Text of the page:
In this approach, Haacke argues that it is not just the artist’s responsibility to create a piece of art. All art pieces rely on an agreement to be recognized as works of art. This piece reflects the concept that an artistic production is a group rather than an individual endeavor.
Museum of Modern Art, Department of Eagles, Financial Section (1971) by Marcel Broodthaers
|Cold bar with eagle stamp
|59 x 42
|Galerie Beaumont, Luxembourg
Between 1968 and 1971, Marcel Broodthaers established his institution as a transitory conceptual museum that would materialize as installations in “parts” at various periods and locations. Broodthaers declared the Museum bankrupt in 1971, emphasizing the economic operation of cultural organizations; he created a parallel Financial Section through which he attempted to acquire cash by the sale of specially produced gold bars.
Each glittering bar was priced by Broodthaers with an eagle imprint at twice the price of gold at the time, converting the market for gold from one of commerce to one of art.
The bars, which are both an investment and an actual item, were regarded relatively highly as works of art. The rising price of the gold bar proved that the value of commodities and gold is speculative and thus determined by the market.
Duchamp had already said with his Readymades that there is no particular essence or character to art other than the fact that it has been selected or proposed by an artist and is subsequently recognized as such by the artistic establishment, which includes the art market. By using the environment of his made-up museum to “convert” the gold into art, Broodthaers makes this point very evident.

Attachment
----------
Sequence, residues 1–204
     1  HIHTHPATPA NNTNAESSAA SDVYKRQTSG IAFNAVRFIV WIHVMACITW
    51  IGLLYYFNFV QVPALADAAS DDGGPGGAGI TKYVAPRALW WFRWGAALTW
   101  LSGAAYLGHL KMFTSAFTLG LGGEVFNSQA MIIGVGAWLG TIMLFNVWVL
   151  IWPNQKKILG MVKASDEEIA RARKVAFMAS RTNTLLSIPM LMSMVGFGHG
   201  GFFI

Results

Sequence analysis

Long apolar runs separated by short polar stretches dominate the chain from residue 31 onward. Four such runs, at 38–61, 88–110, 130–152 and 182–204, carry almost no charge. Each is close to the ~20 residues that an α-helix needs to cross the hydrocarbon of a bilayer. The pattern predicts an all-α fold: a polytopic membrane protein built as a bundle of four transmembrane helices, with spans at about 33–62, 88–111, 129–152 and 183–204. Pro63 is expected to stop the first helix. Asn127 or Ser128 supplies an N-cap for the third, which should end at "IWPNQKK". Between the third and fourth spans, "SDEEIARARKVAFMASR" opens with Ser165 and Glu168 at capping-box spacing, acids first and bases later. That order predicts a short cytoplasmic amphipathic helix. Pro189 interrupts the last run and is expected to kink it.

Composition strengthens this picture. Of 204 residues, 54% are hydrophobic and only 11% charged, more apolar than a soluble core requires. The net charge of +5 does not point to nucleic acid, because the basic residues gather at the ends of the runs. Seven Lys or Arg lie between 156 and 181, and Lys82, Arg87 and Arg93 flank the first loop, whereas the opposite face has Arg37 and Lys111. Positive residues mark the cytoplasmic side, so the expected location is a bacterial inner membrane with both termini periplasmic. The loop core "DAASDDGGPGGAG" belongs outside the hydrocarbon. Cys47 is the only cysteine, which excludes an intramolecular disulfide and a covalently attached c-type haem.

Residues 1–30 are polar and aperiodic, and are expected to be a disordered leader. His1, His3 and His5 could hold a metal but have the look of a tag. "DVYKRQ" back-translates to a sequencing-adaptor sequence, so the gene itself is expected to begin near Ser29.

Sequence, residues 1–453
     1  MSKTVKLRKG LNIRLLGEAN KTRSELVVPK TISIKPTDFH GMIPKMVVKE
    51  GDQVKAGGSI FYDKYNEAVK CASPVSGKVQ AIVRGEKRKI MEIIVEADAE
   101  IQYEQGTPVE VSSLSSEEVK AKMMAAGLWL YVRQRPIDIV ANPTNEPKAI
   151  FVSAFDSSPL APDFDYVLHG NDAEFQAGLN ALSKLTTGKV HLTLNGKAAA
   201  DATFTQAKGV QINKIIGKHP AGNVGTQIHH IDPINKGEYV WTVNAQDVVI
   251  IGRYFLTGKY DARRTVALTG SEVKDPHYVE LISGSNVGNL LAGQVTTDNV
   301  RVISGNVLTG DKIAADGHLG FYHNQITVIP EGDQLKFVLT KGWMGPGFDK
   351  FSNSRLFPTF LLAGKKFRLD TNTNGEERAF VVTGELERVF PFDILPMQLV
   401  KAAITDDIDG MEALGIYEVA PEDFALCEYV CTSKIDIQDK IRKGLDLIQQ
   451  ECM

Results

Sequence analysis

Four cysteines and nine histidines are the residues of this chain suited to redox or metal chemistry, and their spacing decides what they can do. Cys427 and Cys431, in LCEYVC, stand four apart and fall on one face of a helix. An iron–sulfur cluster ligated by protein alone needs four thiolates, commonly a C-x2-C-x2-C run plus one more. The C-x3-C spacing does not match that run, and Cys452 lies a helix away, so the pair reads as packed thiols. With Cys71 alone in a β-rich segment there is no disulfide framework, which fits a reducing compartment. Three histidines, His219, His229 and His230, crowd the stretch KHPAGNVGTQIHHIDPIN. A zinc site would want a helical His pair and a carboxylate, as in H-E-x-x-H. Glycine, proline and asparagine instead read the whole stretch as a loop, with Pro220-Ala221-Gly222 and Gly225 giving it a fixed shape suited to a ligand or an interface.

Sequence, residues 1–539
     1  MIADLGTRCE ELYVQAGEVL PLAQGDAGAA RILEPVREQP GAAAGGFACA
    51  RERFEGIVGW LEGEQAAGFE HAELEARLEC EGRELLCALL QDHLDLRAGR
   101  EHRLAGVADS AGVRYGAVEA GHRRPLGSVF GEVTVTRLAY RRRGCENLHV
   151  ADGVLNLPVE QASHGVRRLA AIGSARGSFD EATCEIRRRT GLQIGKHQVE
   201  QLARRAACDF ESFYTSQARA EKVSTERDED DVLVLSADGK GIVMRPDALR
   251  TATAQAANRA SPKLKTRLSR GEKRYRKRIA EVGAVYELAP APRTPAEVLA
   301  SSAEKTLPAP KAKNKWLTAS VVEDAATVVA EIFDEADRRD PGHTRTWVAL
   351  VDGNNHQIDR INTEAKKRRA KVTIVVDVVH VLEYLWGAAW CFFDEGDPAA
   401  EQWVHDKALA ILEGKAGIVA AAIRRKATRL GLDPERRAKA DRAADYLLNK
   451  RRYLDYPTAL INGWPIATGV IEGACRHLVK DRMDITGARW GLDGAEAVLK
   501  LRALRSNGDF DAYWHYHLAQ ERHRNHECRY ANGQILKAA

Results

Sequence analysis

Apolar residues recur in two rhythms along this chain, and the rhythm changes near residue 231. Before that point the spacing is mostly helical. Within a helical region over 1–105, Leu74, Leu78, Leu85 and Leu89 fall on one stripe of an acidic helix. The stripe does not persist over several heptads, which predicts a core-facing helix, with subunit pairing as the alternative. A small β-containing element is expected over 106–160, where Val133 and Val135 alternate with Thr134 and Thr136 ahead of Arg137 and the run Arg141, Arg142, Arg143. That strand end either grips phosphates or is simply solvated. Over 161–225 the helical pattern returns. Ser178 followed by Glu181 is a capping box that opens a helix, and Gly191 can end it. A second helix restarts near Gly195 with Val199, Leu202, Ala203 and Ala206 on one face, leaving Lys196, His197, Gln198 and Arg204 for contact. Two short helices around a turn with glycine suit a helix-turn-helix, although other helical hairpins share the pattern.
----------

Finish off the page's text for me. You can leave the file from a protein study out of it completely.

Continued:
The buyer would help clinch the deal that it was a legitimate artwork and not just gold by purchasing the gold. With a note of authenticity given to the buyer, the artist would approve the piece of art. Broodthaers is recognized as an artist engaged in “institutional critique” partly because of the Museum series, but it’s vital to remember that this critique is not just denial or contempt of the art world.
Instead, it takes the shape of a continuous illumination of the interdependency of the creator, the work, and the structures that display and advertise it, frequently through subtle mockery.
The Vertical Earth Kilometer (1977) by Walter de Maria
|Sandstone plate, brass rod
|Friedrichsplatz Park, Kassel, Germany
The idea behind this piece was to create an actual but undetectable artwork. De Maria used a production drill to dig a one-kilometer-deep pit, then plugged a two-inch-diameter brass rod of the very same length and covered it with a sandstone plate. A tiny hole was cut in the center of the plate to disclose a part of the rod that is absolutely level with the ground.
As a result, individuals are compelled to envision yet may never witness a timeless work of art.
The only part of The Vertical Earth Kilometer (1977) by Walter de Maria that is visible above ground; I, the copyright holder of this work, hereby publish it under the following license:, CC BY-SA 4.0, via Wikimedia Commons
As a counterpart to this work, de Maria developed the considerably more apparent Broken Kilometer (1979), which comprised 500 two-meter-long brass rods carefully set on an exhibit floor area in five parallel rows of 100 rods each. This piece, in keeping with Conceptual artists’ rejection of conventional techniques and formal concerns, challenges the marketplace: it cannot be sold or fully presented.
Furthermore, because of its simplicity and mainly veiled nature, it is anti-expressive and compatible with the period’s numerous contradictory negations of the visual in “visual art.”
Imponderabilia (1977) by Marina Abramović
|Galleria Communale d’Arte Moderna, Bologna
Marina Abramović and her lifelong lover Ulay faced each other, entirely naked, and flanked the museum’s entrance, forcing people to turn and squeeze past the naked bodies to access the building. While the performance is intended to bring instant attention to the actors’ nudity, the actual notion at work is the investigation of the audience’s response to the nakedness, the performers’ positioning, and, most significantly, how individual visitors opted to enter.
Do they appear shy or ashamed as they approach? Do they prefer to face the performers while attempting to pass through?